Fleas

Flea, the common name for the order Siphonaptera, includes 2,500 species of small flightless insects that survive as external parasites of mammals and birds. Fleas live by consuming blood or hematophagy, from their hosts. Adult fleas grow to about 3 mm or .12 in long, are usually brown, and have bodies that are “flattened” sideways, or narrow, enabling them to move through their host’s fur or feathers. They lack wings, but have strong claws preventing them from being dislodged; mouthparts adapted for piercing skin and sucking blood, and hind legs extremely well adapted for jumping debris left on their host’s skin.

Ticks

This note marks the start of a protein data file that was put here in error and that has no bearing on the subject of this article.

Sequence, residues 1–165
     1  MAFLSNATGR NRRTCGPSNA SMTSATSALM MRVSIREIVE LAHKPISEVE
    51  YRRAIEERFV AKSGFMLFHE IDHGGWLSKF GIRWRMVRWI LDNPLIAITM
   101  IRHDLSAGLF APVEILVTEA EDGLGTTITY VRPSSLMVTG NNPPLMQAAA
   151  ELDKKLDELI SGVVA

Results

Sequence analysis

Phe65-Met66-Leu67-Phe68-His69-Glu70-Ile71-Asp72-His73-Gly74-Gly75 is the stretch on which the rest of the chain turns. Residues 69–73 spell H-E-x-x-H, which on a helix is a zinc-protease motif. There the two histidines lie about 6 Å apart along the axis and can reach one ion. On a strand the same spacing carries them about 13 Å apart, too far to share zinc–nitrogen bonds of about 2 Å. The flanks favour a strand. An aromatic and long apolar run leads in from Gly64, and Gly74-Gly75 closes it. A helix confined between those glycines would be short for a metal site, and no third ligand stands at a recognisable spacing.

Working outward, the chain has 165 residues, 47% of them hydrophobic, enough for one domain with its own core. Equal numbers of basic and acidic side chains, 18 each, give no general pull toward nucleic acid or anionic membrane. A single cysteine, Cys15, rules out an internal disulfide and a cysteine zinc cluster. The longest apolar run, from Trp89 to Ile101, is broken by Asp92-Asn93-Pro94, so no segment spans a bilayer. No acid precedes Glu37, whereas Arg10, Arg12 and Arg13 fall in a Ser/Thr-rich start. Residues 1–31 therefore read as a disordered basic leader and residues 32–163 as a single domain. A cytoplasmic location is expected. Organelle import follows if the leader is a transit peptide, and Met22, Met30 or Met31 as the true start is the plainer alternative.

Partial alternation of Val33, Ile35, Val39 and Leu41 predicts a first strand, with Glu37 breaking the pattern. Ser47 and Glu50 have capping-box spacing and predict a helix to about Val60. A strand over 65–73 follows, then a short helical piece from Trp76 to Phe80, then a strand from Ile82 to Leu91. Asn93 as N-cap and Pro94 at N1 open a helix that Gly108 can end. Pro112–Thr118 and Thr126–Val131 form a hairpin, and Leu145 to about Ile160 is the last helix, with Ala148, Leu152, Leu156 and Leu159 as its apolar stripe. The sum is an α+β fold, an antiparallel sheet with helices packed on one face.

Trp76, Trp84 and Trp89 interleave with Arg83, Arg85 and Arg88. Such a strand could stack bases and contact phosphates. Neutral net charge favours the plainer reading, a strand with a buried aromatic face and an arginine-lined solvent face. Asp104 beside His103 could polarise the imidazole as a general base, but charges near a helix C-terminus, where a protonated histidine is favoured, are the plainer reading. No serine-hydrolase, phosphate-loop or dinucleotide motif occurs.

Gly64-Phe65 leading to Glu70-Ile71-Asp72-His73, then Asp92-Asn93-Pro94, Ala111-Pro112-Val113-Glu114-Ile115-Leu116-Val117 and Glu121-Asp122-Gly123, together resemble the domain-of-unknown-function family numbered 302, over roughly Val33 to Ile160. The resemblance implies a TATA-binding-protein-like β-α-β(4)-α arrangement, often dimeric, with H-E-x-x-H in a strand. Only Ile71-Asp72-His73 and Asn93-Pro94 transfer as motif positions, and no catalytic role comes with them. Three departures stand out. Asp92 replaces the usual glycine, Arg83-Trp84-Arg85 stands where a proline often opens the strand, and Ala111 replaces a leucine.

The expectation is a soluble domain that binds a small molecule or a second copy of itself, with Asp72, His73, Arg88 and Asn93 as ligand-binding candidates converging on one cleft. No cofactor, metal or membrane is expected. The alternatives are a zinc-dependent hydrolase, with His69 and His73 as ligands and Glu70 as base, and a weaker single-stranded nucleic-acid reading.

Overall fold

Ticks are arachnids, typically 3 to 5 mm long, part of the order Parasitiformes. Along with mites, they constitute the subclass Acari. Ticks are ectoparasites (external parasites), living by feeding on the blood of mammals, birds, and sometimes reptiles and amphibians. Ticks had evolved by the Cretaceous period, the most common form of fossilisation being  amber immersion. ​Ticks are widely distributed around the world, especially in warm, humid climates.

Spider Mites

Spider mites are members of the Acari family Tetranychidae, which includes about 1,200 species. They generally live on the undersides of leaves of plants, where they may spin protective silk webs, and they can cause damage by puncturing the plant cells to feed.